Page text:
Its control over the finances was due to the interval between the abdication of one board of censors and the election of their successors. In this period of from two-and-one-half to three-and-one-half years there was at all times money to receive and to pay out on orders and contracts, with which the magistrates for the time had had nothing to do. To the senate, therefore, as the one continuous body, fell the right to direct financial matters during this period; and to it the next board would naturally look for advice in all questions of taxation and expenditure. In religious matters its influence was due to the fact that the priests, as such, had no magisterial powers, and had to act through the regular magistrates.
In all these matters, and in the countless others on which the senate acted, it must be remembered that it ruled wholly by moral influence. At any time a magistrate might become recalcitrant, and carry a question, in spite of the senate, to the only constitutionally authoritative bodies - the comitia. In such a case the senate could only oppose its influence to his, and, if the people were on his side, either give way, or try to tire out the opposition by the many means of delay that could be practiced in the comitia.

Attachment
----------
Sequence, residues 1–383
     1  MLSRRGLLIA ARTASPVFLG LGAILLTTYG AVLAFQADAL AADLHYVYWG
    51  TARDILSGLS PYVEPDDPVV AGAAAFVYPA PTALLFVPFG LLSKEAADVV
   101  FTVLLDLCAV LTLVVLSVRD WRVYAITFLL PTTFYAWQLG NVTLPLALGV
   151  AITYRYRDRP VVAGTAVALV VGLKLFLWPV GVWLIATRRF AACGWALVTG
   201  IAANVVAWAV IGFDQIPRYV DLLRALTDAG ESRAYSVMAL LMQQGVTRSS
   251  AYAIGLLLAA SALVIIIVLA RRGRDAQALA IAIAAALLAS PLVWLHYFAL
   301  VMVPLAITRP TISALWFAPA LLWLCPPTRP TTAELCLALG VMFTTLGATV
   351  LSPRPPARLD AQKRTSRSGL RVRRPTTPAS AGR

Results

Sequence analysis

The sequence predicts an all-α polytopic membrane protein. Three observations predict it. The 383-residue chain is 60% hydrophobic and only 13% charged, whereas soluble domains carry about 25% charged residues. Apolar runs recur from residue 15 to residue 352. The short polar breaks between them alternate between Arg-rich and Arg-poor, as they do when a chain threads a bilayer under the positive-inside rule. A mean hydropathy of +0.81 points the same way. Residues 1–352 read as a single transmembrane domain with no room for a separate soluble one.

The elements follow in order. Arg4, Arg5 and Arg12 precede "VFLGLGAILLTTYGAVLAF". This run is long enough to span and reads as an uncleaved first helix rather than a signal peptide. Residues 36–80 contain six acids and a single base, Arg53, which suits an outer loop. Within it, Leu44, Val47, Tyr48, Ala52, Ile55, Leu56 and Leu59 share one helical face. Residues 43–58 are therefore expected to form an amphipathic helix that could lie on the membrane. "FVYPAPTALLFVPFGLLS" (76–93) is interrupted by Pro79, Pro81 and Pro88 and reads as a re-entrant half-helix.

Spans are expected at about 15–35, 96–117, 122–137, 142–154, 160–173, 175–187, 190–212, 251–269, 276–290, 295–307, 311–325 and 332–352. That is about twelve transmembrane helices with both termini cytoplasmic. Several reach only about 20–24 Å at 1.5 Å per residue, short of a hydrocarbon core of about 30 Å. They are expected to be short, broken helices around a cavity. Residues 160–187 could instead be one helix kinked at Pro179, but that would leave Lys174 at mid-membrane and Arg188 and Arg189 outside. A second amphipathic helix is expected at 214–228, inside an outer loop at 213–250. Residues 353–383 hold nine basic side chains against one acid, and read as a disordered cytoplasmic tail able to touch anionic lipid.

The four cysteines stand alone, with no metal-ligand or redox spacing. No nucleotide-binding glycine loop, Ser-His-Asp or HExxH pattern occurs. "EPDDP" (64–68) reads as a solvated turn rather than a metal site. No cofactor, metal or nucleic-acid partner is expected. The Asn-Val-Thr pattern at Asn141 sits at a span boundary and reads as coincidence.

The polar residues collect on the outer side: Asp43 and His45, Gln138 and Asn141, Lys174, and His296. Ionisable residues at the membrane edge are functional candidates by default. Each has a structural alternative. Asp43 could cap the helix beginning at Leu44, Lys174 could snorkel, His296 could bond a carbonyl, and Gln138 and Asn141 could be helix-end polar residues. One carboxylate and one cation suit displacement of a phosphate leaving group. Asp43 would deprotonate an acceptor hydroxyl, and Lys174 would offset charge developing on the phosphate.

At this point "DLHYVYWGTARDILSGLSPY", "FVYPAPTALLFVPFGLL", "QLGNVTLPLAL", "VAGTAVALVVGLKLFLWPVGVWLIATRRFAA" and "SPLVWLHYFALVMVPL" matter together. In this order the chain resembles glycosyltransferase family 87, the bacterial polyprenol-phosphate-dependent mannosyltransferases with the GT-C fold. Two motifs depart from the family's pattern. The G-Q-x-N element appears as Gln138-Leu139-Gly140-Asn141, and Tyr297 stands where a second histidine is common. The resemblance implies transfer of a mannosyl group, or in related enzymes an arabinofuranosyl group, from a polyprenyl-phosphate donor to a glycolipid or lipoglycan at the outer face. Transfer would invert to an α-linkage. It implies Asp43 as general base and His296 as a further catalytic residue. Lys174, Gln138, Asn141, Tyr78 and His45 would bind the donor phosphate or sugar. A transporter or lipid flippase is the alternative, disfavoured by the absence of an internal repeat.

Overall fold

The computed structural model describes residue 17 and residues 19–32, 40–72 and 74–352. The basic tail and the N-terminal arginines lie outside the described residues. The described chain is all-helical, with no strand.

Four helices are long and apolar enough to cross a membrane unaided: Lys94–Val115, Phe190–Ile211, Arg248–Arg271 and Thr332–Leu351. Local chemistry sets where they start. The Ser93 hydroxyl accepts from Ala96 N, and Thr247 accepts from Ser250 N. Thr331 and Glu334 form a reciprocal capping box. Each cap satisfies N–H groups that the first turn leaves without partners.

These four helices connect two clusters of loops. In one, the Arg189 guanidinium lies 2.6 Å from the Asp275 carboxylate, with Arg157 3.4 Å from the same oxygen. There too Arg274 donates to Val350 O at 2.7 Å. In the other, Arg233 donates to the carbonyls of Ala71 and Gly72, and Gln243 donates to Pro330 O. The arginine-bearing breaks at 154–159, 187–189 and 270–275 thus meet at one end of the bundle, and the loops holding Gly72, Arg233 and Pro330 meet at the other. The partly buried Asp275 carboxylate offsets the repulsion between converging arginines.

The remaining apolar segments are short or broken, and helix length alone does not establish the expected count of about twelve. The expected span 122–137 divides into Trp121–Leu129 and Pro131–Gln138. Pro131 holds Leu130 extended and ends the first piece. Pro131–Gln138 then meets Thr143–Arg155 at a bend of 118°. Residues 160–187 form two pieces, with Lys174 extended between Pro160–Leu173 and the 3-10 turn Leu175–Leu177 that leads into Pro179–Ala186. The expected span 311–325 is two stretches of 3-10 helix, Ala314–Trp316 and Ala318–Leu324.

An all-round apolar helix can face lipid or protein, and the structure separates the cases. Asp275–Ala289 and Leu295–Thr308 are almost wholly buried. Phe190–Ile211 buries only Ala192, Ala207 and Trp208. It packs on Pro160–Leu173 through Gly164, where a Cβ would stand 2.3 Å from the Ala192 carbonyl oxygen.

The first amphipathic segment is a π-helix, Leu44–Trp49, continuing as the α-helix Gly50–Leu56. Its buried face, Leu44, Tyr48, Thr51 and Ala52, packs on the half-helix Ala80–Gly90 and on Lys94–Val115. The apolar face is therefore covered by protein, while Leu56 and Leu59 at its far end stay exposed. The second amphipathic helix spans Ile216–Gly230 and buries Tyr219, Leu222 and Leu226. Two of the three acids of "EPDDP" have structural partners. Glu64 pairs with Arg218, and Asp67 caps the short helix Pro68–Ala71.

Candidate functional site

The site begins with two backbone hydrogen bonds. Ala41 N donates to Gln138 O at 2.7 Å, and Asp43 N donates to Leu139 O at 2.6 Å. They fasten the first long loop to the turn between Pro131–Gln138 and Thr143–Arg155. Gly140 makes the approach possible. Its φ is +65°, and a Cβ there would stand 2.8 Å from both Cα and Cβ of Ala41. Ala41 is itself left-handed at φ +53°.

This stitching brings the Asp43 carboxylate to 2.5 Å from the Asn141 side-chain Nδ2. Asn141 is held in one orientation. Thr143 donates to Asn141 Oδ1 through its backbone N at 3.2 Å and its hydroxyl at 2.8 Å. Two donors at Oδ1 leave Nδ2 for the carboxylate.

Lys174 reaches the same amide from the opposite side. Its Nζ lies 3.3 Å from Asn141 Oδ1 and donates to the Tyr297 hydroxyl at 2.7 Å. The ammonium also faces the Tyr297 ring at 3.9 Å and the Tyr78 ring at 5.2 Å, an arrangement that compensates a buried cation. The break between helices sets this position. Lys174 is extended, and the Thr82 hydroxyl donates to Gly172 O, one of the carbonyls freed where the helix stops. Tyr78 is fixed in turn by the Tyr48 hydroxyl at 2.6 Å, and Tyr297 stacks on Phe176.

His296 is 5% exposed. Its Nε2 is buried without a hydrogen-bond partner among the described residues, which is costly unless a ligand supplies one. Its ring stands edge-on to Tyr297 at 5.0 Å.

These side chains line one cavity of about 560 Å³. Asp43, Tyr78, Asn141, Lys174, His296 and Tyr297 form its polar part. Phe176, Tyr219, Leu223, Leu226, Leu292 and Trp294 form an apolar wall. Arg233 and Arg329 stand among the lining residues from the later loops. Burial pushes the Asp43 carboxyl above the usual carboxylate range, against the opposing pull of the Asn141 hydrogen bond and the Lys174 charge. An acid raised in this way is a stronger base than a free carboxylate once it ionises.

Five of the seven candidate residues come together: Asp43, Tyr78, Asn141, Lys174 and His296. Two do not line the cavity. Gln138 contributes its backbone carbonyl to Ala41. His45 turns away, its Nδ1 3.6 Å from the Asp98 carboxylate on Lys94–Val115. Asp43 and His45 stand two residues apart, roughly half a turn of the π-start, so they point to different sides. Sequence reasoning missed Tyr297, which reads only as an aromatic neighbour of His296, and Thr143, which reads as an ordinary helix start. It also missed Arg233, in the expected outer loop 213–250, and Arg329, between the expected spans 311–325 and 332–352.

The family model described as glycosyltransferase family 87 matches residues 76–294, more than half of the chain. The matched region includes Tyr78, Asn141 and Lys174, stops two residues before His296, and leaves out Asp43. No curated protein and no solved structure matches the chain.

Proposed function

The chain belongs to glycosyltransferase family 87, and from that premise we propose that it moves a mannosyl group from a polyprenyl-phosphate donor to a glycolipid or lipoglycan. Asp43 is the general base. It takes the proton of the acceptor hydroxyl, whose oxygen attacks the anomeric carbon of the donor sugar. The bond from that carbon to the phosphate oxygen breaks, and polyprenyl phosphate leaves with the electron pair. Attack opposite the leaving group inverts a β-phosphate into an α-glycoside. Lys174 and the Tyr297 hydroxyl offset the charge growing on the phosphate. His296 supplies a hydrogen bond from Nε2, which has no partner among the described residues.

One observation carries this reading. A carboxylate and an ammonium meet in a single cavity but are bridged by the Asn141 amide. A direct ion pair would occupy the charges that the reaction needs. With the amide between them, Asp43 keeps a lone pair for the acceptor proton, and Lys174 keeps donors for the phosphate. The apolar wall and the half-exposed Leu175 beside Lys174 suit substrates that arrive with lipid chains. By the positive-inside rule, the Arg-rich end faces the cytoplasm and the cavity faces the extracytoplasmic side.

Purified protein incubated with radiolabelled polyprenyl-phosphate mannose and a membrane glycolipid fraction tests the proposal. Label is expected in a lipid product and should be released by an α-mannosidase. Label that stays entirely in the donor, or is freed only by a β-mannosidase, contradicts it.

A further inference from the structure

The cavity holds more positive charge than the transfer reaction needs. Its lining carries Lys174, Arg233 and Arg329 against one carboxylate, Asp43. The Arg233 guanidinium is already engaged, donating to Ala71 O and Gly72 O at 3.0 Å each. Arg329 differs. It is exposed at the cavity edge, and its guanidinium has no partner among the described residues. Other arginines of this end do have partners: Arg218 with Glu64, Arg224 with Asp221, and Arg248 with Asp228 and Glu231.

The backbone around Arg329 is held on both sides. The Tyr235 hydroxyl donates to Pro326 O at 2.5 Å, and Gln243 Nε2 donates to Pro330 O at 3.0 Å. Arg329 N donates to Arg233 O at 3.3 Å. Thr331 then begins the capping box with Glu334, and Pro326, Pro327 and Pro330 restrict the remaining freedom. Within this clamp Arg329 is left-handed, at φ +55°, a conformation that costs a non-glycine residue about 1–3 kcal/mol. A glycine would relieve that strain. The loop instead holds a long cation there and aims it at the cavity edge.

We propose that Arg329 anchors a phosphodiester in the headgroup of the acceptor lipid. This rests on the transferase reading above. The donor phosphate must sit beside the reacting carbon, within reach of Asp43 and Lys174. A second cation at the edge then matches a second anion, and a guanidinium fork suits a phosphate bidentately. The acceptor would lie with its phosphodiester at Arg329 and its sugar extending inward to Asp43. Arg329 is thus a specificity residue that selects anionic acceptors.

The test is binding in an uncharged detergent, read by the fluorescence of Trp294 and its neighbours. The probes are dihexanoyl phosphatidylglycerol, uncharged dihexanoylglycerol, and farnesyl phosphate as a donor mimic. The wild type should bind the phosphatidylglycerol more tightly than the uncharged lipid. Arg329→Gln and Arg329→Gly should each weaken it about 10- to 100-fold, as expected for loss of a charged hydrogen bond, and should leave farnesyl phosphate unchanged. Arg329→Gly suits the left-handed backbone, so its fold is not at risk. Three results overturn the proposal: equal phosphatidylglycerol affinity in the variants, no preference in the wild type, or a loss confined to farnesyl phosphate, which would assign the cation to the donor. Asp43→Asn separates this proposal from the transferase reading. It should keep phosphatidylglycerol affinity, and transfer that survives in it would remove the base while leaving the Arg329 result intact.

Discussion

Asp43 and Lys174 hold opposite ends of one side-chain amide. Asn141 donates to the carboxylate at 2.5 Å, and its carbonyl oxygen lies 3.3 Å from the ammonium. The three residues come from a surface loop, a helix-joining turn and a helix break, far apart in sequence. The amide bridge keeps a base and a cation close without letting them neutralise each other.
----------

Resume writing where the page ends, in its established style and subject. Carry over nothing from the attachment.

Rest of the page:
The senate came together at the call of any qualified magistrate (consul, praetor, tribune), who, by virtue of having summoned it, was its president for the time. It was the only deliberative assembly in Rome, i.e., the only one in which debate was allowed. Of course it could discuss only such questions as the president laid before it; but among the twenty magistrates who possessed the right it could always find one who would ask its advice about the business it wished to discuss. The time and place for meeting were always named in the call, which was made either through the praecones or by a written notice posted in the forum. The senate had no fixed hour or place for meeting, though usually the time was early in the day, because sunset put an end to all deliberations, and the place had to be a templum. The auspices were always taken before the meeting began.